Our wise leaders have once again decided that they can shape reality or perhaps in a more sinister sense decided what we should drive. Regardless if this is their own arrogance, their own egos telling them they can rewrite the laws of physics, chemistry, and engineering to suit their agendas or their desire for power over every aspect of our lives the new corporate average fuel economy targets will have an effect on what sort of vehicles we will be allowed to purchase.
A big deal has been made of the ‘closing of the SUV loophole’. The SUV loophole being that light trucks had a different and lower requirement than passenger. Back in the 1970s the only people who drove trucks were the people who needed trucks for business or recreational purposes. Those who created the legislation had the large passenger car in mind as their target so the light trucks were spared. The problem is that government had no concern for the actual market. What people wanted from their vehicles was of no concern to the ruling class. Automakers were either lazy and cheap and refused to build more fuel efficient vehicles or those in DC had the right to tell us what we could drive for our own good.
The SUV as it is called today has existed in the US vehicle market since at least the 1940s when Willy’s decided to try and market vehicles based on its famous design for the US military. There may be earlier examples of enclosed trucks designed for off-road and passenger use. From time to time I find earlier examples of certain things and I feel I should leave the possibility that there is an even earlier example of the “SUV”. From the 1940s through the 1970s and much of the 1980s the enclosed truck was a niche vehicle for outdoors men, ranchers, farmers, and construction companies. These trucks were few and far between.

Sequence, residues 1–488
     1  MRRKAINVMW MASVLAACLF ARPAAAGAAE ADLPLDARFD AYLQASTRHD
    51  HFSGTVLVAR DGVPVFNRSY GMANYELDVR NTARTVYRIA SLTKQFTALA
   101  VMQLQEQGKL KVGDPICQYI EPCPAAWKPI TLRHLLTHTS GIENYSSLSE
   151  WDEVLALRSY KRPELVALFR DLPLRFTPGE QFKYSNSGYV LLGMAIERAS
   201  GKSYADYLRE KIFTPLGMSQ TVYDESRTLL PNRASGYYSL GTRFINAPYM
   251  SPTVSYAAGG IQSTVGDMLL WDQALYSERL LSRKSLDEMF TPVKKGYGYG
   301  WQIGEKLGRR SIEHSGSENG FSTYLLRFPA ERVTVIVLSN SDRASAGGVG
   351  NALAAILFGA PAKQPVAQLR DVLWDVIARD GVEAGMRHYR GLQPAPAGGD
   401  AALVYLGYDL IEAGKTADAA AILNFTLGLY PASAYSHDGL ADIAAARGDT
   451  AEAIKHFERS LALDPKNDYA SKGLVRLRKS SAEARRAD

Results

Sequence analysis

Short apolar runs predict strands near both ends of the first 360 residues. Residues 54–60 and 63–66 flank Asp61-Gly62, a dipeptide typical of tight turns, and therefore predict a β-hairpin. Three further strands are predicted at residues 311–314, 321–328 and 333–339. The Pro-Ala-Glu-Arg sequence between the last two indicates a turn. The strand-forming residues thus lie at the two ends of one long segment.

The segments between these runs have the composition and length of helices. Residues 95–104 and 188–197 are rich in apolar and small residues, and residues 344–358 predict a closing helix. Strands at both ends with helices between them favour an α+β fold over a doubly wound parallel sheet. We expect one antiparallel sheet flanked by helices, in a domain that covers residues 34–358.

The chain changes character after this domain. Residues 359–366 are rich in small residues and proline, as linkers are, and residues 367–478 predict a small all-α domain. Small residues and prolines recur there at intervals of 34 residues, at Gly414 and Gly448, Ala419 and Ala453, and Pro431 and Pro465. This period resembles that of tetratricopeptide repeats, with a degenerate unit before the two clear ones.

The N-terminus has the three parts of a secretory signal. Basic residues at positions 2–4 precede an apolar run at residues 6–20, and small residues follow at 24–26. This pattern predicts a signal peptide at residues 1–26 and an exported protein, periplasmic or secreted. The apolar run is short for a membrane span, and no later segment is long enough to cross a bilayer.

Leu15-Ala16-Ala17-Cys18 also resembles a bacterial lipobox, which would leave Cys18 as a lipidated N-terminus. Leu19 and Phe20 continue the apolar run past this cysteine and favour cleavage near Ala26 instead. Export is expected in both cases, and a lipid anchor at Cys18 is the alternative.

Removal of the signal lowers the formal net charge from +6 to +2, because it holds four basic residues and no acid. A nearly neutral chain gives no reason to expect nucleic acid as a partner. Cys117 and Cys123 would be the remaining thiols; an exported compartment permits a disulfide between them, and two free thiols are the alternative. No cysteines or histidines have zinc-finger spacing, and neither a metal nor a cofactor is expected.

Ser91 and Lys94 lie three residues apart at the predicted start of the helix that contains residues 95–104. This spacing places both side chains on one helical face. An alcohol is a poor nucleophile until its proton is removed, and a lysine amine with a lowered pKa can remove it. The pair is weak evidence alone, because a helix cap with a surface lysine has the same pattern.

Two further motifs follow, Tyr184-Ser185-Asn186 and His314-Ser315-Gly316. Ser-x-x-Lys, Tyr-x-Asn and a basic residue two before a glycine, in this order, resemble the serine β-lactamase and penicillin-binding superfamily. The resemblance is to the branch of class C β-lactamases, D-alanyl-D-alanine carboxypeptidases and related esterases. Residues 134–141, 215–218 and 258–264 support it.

Until I was in high school in the back half of the 1980s the only people I knew who had one was a family that did a lot of camping. The father ran the local Boy Scouts. It made sense as neighbors had bent the frame on their small car by towing a little pop trailer with the family in the car. This small car had been a replacement for the large Ford station wagon they had previously.
In the late 80s I became interested in various things automotive. I was noticing a lot more of these trucks were on the road. Additionally there were many more pickup trucks. Sales figures shown in automotive publications showed this was not just a local thing, something happening market wide. It would take a few more years before the media would catch on.
In 1985 the last step of the original 1970s Corporate Average Fuel Economy standards had kicked in. The early steps of CAFÉ resulted in the cars being downsized somewhat but there was little loss in capability. This final step however meant big changes. GM had eliminated nearly all of their full size models. Classic names like the Oldsmobile Delta 88 were now on smaller front wheel drive cars that were simply shadows of the previous versions. Things weren’t better at Ford where only the Crown Victoria and its Mercury and Lincoln siblings were left. At Chrysler, no full size sedans or wagons had survived.
The offerings were different. Very different. The problem was, people’s maximum needs for the vehicles didn’t change. Some tried to use the new passenger car offerings, like neighbors I mentioned earlier. The result was breaking the car. Their solution was to buy a large conversion van. Others didn’t even bother trying. They found what the market offered that fit their needs. This is the true rise of the passenger truck.
These mid to late 1980s trucks were still the niche vehicles of decades past. Their interiors were for utility not comfort. They were trucks. They were designed to get dirty and be abused. They drove like trucks. But they could do the things people needed. These vehicles could still seat many adults or a bunch of kids. They could tow things. They could carry cargo. All those things people had to do occasionally that their full size sedans could accomplish but current passenger car offerings could not.